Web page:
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I am looking for square root functions (to use in java) that can give square roots upto atleast to 5-6 decimal places accurately. If there is a way to control accuracy of java.lang.Math.sqrt(double) or any external math library, please mention it.

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If you only need 5-6 decimal plates, what's wrong with a double? I imagine Math.sqrt is accurate enough if it's giving you doubles.. – Andrew Coleson Apr 6 '09 at 2:37
up vote 10 down vote accepted

What problem are you trying to solve? I believe java.lang.Math's sqrt is supposed to be accurate to the full double width. Do you need more than this?

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Try out the code at this link, which uses Newton's method to compute square roots for large numbers (and gets BigDecimal output) to see if it fits your needs. If not, you can modify it :) .

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You can always implement your own using Newton's Method. Then you can make it as accurate as you want (at the cost of CPU of course).

Numerical Recipes in C has code and in-depth discussion. However make sure you check the license before using their code in your product.

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You can use this formula to get it to an arbitrary accuracy:'s_method#Square_root_of_a_number

I doubt that it will be particularly fast though. You'd also need a way to store numbers with larger than type(double) accuracy.

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You could roll your own using BigDecimal and a method like Newton-Raphson. That would allow you to specify a precision.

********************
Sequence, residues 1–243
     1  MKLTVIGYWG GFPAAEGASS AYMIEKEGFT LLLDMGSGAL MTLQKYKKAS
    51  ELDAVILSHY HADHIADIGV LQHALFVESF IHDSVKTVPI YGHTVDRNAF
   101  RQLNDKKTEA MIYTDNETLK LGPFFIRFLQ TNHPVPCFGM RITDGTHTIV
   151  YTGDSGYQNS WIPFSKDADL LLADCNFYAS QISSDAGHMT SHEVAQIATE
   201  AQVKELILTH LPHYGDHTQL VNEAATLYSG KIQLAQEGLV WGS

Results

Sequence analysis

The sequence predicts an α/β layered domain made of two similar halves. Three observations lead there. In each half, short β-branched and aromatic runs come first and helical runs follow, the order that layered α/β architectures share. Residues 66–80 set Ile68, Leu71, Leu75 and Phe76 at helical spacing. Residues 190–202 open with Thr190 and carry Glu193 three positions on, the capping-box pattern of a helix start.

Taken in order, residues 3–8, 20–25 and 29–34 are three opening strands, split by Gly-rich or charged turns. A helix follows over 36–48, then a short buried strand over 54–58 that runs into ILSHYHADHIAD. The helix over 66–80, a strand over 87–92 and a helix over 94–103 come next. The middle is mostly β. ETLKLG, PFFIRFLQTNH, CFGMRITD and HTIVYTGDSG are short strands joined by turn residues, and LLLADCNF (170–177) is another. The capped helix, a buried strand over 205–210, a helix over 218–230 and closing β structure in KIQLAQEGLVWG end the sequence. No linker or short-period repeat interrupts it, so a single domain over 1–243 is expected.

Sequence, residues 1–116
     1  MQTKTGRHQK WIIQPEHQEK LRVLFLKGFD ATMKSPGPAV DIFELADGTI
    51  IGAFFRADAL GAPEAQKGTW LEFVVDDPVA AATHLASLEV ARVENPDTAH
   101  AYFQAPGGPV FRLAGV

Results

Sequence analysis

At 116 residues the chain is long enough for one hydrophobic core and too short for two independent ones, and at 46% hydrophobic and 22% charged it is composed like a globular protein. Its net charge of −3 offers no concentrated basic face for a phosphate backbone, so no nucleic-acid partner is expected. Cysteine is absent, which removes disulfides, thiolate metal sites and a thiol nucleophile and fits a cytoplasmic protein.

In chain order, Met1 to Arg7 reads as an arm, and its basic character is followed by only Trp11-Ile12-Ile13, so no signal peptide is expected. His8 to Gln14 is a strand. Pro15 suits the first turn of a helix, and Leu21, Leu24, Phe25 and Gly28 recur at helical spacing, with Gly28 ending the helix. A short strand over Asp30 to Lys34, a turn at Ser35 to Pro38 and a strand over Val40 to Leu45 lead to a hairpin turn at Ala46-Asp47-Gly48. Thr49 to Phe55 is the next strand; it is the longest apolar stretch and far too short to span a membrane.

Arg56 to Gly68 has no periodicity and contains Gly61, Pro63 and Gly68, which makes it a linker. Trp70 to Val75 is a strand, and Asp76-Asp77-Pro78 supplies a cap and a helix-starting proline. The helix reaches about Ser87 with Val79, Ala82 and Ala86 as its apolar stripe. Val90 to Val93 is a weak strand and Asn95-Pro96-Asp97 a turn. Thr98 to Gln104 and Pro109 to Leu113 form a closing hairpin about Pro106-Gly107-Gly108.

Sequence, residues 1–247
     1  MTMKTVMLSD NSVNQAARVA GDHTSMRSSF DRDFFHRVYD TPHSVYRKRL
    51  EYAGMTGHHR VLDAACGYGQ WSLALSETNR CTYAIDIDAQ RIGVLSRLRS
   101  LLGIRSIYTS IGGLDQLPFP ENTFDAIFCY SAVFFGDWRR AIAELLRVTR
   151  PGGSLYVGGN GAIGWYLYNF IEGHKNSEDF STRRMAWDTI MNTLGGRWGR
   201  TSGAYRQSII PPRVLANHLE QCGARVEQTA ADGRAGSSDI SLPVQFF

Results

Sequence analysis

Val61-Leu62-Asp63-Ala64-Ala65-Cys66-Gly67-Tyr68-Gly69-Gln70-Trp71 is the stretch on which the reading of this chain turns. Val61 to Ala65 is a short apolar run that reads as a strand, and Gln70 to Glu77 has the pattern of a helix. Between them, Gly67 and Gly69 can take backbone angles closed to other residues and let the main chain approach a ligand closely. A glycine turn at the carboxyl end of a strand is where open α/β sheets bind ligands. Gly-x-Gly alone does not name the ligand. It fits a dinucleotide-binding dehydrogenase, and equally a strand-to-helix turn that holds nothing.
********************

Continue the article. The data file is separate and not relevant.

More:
Have a look at Numerical Recipes if you need any inspiration.

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public static double sqrt(double a)

Returns the correctly rounded positive square root of a double value. Special cases:

  • If the argument is NaN or less than zero, then the result is NaN.
  • If the argument is positive infinity, then the result is positive infinity.
  • If the argument is positive zero or negative zero, then the result is the same as the argument.

Otherwise, the result is the double value closest to the true mathematical square root of the argument value.


  • a - a value.


  • the positive square root of a. If the argument is NaN or less than zero, the result is NaN.
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This question has been answered thoroughly enough already, but here is an experimental way to verify that Math.sqrt is accurate:

import static java.lang.Math.*;
public class Test {
  public static void main(String[] args) {
    double max = 0;
    for (int i = 0; i < 100; i++) {
      double r = random();
      double err = abs(pow(sqrt(r), 2) - r) / ulp(r);
      if (err > max) max = err;

This prints out 1.0, confirming what the documentation says — that the value returned from sqrt will be within one unit of precision to the exact answer.

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I usually recommend Apache commons as a first place to look for most tasks.. But it appears the commons.math does not include sqrt().

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You could go the backdoor route and use NewtonSolver... – masher Apr 6 '09 at 2:34

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